Although the reconstruction procedure is nonlinear, it is exceptionally stable in the presence of noise, both in theory and in practice.

We will conclude with several practical examples of how the theory can be applied to "real-world" imaging problems.

Partha S. Routh (ExxonMobil)

Total Variation Imaging Followed by Spectral Decomposition Using Continuous Wavelet Transform

In general geophysical images provide two kinds of information: (a) structural images of discontinuities that define various lithology units and (b) physical property distribution within these units. Depending on the resolution of the geophysical survey, large scale changes can usually be detected that are often correlated with stratigraphic architecture of the subsurface. Knowledge of these architectural elements provides information about subsurface. Total variation (TV) regularization is one possibility to preserve discontinuity in the images. Another goal is to interpret these images is to obtain features that have varying scale information. Wavelets have the attractive quality of being able to resolve scale information in signal or data set. Moreover, heterogeneity produces non-stationary signal that can be effectively analyzed using wavelets due to its localization property. In this work we will present a new methodology for computing a time-frequency map for non-stationary signals using the continuous wavelet transform (CWT) that is more advantageous than conventional method of producing a time-frequency map using the Short Time Fourier Transform (STFT). This map is generated by transforming the time-scale map by taking the Fourier transform of the inverse CWT to produce a time-frequency map. We refer to such a map as the time-frequency CWT (TFCWT). Imaging using total variation regularization operator followed by spectral decomposition using TFCWT can be used as an effective interpretive tool.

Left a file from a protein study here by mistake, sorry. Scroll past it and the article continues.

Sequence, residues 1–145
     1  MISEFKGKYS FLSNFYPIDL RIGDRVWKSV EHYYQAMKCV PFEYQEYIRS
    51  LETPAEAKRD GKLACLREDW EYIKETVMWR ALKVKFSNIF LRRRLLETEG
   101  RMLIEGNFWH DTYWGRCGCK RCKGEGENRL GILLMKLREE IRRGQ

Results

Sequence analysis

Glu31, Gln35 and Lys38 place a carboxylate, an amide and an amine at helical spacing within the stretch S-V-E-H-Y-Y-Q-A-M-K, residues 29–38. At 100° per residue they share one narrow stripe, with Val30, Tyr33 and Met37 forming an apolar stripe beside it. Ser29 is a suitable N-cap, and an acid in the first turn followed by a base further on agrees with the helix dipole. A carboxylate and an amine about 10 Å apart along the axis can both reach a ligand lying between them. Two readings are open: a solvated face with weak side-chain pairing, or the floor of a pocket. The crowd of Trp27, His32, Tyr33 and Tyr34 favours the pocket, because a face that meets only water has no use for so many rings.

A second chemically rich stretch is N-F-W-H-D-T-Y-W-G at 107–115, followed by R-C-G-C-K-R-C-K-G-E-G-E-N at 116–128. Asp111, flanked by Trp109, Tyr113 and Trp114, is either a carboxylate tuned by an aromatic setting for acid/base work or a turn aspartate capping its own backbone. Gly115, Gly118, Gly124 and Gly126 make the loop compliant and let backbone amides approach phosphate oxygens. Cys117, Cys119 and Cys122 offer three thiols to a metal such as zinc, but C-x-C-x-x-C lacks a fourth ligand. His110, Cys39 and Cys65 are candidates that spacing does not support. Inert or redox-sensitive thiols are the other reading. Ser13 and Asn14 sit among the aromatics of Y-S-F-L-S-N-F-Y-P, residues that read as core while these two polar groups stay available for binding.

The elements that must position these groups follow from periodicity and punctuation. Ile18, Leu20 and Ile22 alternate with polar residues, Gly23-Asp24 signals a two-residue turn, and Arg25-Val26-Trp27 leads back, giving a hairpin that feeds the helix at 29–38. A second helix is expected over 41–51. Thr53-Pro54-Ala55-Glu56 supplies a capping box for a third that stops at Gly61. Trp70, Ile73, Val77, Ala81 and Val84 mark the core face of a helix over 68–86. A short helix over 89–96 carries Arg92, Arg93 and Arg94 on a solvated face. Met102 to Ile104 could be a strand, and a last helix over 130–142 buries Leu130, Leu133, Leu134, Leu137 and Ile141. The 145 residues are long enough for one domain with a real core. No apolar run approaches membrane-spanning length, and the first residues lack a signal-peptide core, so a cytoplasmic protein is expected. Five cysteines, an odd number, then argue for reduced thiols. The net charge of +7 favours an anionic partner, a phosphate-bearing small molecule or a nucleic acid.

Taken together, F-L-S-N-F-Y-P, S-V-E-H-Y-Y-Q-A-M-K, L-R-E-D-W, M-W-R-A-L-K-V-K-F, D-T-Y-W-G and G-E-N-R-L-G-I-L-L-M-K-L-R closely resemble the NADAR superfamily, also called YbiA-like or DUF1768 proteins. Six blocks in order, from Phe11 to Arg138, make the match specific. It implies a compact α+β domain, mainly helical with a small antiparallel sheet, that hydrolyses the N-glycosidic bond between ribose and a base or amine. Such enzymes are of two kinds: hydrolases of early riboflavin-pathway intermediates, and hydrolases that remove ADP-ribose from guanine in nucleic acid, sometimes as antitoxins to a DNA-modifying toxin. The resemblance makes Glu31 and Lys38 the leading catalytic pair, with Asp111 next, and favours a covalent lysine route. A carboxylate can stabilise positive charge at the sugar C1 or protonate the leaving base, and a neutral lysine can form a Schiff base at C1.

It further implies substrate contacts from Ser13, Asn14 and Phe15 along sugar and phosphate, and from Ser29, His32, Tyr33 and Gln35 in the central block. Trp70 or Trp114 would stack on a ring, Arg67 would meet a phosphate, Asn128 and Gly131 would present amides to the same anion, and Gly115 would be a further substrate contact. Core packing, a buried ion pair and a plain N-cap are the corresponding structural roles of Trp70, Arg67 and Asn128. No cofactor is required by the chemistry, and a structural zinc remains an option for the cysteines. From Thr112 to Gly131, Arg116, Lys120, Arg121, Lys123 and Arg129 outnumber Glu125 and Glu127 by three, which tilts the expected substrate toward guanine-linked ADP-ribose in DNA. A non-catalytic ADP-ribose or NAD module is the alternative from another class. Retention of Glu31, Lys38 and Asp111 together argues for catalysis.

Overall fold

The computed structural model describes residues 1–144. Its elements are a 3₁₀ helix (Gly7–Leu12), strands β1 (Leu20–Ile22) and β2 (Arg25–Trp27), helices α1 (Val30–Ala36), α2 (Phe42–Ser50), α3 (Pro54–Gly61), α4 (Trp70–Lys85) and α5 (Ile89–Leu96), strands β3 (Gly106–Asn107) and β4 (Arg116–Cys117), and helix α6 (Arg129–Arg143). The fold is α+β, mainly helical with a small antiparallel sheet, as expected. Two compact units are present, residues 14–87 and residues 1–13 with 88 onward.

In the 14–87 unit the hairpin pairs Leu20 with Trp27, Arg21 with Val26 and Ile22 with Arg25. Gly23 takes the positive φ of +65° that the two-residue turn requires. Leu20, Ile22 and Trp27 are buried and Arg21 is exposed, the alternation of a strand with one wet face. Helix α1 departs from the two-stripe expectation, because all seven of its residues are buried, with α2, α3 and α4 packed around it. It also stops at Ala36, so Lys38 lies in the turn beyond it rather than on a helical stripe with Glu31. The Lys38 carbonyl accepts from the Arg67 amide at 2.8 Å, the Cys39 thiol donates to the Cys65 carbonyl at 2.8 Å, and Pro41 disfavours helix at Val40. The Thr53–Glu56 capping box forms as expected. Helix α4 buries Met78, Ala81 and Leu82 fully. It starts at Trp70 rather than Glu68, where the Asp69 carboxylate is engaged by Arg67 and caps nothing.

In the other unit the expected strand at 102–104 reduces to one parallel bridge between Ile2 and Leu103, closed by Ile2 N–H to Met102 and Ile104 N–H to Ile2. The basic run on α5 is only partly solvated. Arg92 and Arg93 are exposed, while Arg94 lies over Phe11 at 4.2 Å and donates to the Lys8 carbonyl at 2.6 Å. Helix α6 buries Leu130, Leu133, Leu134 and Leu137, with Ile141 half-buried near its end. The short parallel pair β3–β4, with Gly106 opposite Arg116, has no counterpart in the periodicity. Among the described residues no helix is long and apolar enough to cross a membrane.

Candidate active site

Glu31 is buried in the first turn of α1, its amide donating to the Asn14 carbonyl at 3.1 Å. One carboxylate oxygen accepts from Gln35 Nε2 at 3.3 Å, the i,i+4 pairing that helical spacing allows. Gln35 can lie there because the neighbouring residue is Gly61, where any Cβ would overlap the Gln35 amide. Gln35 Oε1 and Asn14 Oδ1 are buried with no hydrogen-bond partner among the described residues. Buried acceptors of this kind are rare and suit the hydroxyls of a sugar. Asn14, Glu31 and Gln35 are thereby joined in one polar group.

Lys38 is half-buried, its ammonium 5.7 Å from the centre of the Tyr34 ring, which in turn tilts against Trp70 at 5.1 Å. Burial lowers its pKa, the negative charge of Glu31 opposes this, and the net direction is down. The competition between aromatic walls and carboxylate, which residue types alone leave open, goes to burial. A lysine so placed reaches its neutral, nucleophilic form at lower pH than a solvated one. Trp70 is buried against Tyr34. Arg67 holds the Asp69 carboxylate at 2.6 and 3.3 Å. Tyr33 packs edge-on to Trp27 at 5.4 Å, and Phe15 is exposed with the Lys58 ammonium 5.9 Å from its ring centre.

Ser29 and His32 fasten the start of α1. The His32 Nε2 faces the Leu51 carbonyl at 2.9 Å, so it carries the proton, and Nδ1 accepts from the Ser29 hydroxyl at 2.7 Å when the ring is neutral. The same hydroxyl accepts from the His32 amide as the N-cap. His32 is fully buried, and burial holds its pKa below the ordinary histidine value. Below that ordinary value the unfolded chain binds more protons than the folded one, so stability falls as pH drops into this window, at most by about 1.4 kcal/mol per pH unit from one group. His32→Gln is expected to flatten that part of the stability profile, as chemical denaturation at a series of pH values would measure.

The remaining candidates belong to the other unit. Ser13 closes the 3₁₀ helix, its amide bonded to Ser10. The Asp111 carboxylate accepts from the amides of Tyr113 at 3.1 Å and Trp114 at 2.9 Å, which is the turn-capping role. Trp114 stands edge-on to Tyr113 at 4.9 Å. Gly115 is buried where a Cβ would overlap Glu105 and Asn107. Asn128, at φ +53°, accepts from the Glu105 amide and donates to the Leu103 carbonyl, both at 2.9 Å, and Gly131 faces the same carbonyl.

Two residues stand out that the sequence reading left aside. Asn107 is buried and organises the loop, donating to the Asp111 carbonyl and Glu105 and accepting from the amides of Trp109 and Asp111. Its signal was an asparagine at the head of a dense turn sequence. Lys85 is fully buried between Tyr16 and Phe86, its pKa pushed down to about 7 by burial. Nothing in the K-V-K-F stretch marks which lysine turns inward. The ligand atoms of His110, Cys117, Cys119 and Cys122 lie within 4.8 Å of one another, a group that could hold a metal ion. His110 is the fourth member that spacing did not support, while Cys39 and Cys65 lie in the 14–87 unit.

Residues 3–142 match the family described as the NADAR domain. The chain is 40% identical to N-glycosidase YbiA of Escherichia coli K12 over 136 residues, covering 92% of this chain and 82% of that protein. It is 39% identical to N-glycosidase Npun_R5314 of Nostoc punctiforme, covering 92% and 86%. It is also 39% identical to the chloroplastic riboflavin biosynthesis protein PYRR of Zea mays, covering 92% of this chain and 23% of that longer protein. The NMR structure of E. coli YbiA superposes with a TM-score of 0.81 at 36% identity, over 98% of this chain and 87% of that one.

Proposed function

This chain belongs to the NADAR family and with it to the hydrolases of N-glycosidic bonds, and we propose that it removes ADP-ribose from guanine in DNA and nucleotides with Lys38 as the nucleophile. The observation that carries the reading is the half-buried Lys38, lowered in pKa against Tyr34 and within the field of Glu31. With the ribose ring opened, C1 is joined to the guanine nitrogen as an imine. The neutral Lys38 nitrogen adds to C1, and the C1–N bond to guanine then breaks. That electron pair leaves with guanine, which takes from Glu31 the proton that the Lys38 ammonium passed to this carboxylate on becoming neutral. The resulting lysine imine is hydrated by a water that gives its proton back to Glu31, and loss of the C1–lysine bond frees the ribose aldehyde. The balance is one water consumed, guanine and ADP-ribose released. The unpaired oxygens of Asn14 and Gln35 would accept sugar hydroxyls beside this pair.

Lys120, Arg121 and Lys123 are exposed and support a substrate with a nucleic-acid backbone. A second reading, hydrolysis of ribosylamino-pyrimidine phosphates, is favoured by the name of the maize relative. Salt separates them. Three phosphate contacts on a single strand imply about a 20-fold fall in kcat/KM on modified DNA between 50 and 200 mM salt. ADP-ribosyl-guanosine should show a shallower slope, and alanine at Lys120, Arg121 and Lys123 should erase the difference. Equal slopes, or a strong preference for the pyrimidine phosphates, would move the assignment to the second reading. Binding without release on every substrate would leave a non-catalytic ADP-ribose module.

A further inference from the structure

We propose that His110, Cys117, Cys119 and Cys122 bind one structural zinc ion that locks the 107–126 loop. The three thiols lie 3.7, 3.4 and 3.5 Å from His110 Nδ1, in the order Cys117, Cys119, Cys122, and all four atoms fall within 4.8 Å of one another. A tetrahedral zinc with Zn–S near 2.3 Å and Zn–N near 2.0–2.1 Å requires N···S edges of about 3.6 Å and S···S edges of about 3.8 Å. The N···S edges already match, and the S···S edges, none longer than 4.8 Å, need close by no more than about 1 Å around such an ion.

Guillermo R. Sapiro (University of Minnesota, Twin Cities)

3D Segmentation in Tomography

In this talk I will describe recent results in the segmentation of relevant structures in electron tomography. We have developed novel techniques based on PDEs to work with this extremely hard data. I will describe the problem and the proposed solution, both at a tutorial level for a general audience.

This is joint work with A. Bartesaghi and S. Subramaniam from NCI at NIH.

Eric S. Weber (Iowa State University)

Orthogonal Wavelet Frames for Color Image Compression

We present an algorithm for constructing orthogonal wavelet frames from MRA’s in L2(R), as well as for the associated filter banks. This construction gives rise to a vector-valued wavelet transform (VDWT) for vector valued data, such asimages. We present numerical results of image data compression using the VDWT.

Martin Welk (The Health and Life Science University)

Structure-Preserving Filtering of DT-MRI Data: PDE and Discrete Approaches

Joint work with: Joachim Weickert, Christian Feddern, Bernhard Burgeth, Christoph Schnoerr, Florian Becker

Curvature-driven PDE filters like mean-curvature motion (MCM), and median filters are well-studied as structure-preserving filters for grey-value images. They are related via a remarkable approximation result by Guichard and Morel.

We show generalisations of both types of filters to multivariate, specifically matrix-valued images. We discuss properties and algorithmic aspects, and demonstrate their usefulness for the filtering of diffusion-tensor data.